What occurred to crew of Dali cargo ship caught beneath the collapsed Baltimore bridge? | EUROtoday

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A crew of Indian and Sri Lankan males has spent the final 49 days confined to a hulking and immobile cargo vessel in Baltimore, its bow pinned by what’s left of the shattered bridge it struck.

Demolition crews set off explosives Monday to push damaged bridge trusses away from the grounded Dali container ship, which misplaced energy and struck one of many columns of the Francis Scott Key Bridge on March 26, inflicting the complete construction to break down. But even because the ship strikes nearer to freedom, the crew’s future stays an open query.

The 21 crewmen are nonetheless on board. They’ve had their telephones seized by investigators. And our bodies of the six development staff who had been fixing potholes on the bridge when it collapsed have been pulled from the water round them.

Some fear they’ll be held personally responsible for the catastrophe.

“While some crew members are coping, morale has understandably dipped,” two unions representing the seafarers mentioned in a press release.

Here’s what we all know in regards to the Dali’s crew, what they have been doing and what their considerations are:

What have they been doing?

The Rev. Mark Nestlehutt, president and govt director of the New York-based Seamen’s Church Institute, mentioned he and others boarded the Dali a few week after the crash to offer a “compassionate ear” to the crew.

“Everybody was trying to make the best out of a tragic situation,” Nestlehutt mentioned. “At that point, the only real question for the seafarers was when they might be able to go home.”

Food has not been a priority. The Dali was well-stocked for what was alleged to be a protracted voyage, whereas further meals has been introduced onboard as effectively, mentioned Darrell Wilson, a spokesperson for Synergy Marine, the Dali’s Singapore-based administration firm.

Crewmembers have stayed busy, targeted on the various duties of operating a big cargo vessel. They’ve additionally participated within the ongoing federal investigation into the crash and assisted with salvage operations of the collapsed bridge.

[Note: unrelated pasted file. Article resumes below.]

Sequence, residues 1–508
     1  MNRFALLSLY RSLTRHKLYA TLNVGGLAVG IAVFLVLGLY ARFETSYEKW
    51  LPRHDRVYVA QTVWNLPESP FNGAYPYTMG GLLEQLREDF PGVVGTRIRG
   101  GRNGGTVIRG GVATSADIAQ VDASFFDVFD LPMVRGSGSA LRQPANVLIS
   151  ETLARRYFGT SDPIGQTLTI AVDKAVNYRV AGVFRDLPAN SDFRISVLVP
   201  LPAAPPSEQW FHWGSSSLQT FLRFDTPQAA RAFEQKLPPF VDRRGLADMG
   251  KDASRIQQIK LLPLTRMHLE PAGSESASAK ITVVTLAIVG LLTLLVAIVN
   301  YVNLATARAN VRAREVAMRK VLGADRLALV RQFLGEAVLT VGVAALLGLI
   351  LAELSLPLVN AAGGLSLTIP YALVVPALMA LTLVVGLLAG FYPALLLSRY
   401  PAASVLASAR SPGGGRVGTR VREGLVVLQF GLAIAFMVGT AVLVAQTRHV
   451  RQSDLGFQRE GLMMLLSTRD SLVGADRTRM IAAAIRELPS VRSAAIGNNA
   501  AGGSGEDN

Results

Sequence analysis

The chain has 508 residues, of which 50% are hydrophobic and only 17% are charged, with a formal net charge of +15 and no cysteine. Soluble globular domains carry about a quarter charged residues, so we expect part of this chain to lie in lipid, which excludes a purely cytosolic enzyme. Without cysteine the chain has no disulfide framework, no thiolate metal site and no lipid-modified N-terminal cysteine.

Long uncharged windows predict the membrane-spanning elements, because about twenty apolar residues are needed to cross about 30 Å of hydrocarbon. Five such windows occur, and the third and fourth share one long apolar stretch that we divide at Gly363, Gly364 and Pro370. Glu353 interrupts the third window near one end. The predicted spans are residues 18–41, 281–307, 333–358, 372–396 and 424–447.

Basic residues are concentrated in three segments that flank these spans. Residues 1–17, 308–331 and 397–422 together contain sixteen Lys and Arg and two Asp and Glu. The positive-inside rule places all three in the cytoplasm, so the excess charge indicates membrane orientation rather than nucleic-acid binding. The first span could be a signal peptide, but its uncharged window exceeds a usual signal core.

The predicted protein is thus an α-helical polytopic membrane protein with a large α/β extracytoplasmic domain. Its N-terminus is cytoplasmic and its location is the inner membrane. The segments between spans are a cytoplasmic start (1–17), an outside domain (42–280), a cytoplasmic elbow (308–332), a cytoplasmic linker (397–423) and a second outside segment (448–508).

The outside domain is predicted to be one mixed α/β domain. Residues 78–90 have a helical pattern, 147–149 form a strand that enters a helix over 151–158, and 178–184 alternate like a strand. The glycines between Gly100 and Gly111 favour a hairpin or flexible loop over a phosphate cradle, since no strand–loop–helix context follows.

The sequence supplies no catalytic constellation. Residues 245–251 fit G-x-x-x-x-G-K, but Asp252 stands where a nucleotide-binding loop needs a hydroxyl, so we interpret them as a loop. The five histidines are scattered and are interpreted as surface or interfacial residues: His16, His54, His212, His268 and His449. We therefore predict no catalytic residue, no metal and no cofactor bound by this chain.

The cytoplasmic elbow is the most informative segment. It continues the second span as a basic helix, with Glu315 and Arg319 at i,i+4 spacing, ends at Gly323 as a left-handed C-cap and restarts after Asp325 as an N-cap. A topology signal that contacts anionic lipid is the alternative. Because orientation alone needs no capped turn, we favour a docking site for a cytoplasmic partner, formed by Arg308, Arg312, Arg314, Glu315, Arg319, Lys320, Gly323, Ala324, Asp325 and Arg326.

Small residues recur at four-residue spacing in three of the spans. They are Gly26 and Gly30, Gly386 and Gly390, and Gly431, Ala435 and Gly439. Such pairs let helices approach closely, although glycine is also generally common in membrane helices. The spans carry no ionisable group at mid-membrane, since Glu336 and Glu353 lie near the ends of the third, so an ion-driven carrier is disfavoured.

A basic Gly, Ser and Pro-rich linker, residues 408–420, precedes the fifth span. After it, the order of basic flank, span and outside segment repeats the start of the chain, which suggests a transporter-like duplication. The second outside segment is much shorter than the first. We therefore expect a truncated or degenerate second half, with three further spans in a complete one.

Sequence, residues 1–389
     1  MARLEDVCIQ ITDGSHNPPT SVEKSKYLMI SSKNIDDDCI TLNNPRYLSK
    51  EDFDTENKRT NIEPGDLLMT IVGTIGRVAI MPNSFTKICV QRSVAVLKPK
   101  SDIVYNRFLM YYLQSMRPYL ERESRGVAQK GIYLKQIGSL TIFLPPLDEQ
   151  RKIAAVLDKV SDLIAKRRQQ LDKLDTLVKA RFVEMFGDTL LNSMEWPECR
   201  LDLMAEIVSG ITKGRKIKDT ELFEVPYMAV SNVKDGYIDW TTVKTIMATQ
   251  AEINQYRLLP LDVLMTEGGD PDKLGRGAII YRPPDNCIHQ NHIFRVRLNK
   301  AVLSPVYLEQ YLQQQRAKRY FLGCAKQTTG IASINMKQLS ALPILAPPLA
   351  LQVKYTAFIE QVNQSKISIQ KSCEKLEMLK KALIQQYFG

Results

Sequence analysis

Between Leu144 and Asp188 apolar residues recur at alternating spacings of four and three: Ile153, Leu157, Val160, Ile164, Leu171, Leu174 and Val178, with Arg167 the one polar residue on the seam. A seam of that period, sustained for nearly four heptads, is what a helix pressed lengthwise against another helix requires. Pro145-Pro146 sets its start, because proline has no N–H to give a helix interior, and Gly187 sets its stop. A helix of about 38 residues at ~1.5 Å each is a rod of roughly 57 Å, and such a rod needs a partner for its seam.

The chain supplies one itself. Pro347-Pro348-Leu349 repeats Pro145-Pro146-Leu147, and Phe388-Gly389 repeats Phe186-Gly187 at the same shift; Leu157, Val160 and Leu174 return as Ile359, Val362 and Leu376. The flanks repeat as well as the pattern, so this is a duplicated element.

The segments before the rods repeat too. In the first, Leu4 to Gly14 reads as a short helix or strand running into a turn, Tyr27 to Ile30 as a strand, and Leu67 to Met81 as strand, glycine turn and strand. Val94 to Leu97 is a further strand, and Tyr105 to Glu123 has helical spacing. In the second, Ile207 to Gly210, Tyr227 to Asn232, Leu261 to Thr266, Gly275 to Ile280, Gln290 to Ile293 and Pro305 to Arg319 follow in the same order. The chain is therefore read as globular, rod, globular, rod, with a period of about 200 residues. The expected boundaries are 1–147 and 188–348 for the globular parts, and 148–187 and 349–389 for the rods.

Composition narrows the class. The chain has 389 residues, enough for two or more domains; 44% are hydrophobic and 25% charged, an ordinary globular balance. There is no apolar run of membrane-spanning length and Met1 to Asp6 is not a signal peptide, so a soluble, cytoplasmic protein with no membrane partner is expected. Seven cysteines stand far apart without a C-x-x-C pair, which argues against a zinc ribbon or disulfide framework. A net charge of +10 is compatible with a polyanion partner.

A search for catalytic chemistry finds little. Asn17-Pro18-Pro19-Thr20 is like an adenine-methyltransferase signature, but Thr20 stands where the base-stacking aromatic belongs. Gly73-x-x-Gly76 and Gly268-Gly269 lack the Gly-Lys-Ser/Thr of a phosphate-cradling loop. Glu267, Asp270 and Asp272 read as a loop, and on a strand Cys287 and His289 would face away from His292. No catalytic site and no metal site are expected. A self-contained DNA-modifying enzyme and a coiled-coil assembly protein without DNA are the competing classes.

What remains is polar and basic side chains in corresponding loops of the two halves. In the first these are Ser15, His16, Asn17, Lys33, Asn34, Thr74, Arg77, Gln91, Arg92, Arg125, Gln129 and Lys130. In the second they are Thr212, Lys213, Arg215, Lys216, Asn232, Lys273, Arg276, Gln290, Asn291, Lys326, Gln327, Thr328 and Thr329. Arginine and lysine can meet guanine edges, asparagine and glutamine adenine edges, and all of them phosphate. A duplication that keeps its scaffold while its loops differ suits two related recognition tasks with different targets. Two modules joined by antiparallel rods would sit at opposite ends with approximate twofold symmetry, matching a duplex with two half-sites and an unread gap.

They’ve acquired visits from unions and non secular teams. Most of the crew are Hindu, Nestlehutt mentioned, however others are Muslim and Christian.

Bishop Adam J. Parker from the Baltimore Archdiocese visited the ship in early May and held mass with three Roman Catholic crew members in a small workplace, mentioned Andrew Middleton, director of the archdiocese’s Apostleship of the Sea.

Middleton mentioned additionally they handed alongside care packages, together with from a stranger in Minnesota, that had sweet, socks and puzzles, amongst different issues.

What are their considerations?

Crewmembers have expressed considerations about their telephones being seized by federal investigators, Nestlehutt mentioned.

Wilson mentioned the telephones have been changed with new ones, and Synergy Marine mentioned in a press release in early April that the crew had limitless use of the ship’s satellite tv for pc communications to remain in contact with household.

But Nestlehutt and unions say the brand new telephones lack the essential private data that is on the outdated telephones, reminiscent of contacts, household photographs and banking apps for transferring a reimbursement dwelling to their households.

The two unions representing crew members, the Singapore Maritime Officers’ Union and the Singapore Organisation of Seamen, known as for the “swift return” the phones in a statement.

The unions said the men also suffered emotional distress from witnessing the crash and have an “unfounded fear of personal criminal liability.”

“The criminalisation of seafarers based solely on their position on board a vessel during an incident is a growing concern,” said Mary Liew, general secretary for the officers’ union.

Nestlehutt also said the crewmen are concerned that continuing to be detained on the ship could imperil future visas to the U.S. or for the crewmembers’ children.

What does the future hold?

The Dali is currently scheduled to be refloated during high tide on Tuesday, officials said over the weekend. They said several tugboats will be used to guide the ship to a nearby terminal in the Port of Baltimore, where it will likely remain for a few weeks and undergo temporary repairs before being moved to a shipyard for more substantial repairs.

Wilson said the men will remain on the ship “for the foreseeable future” as investigations into the crash continue.

“Nobody knows that ship better than the crew,” he said. “So they’re instrumental in serving to with the salvage operation in addition to the investigation course of.”

Nestlehutt mentioned 1.6 million folks work as seafarers on cargo vessels — an invisible workforce.

“This is maybe a chance to appreciate what seafarers do for us day-in and day-out,” he said. “To make sure that we have the things that we order from Amazon and the cars that we want to drive and the things we want to put on our table.”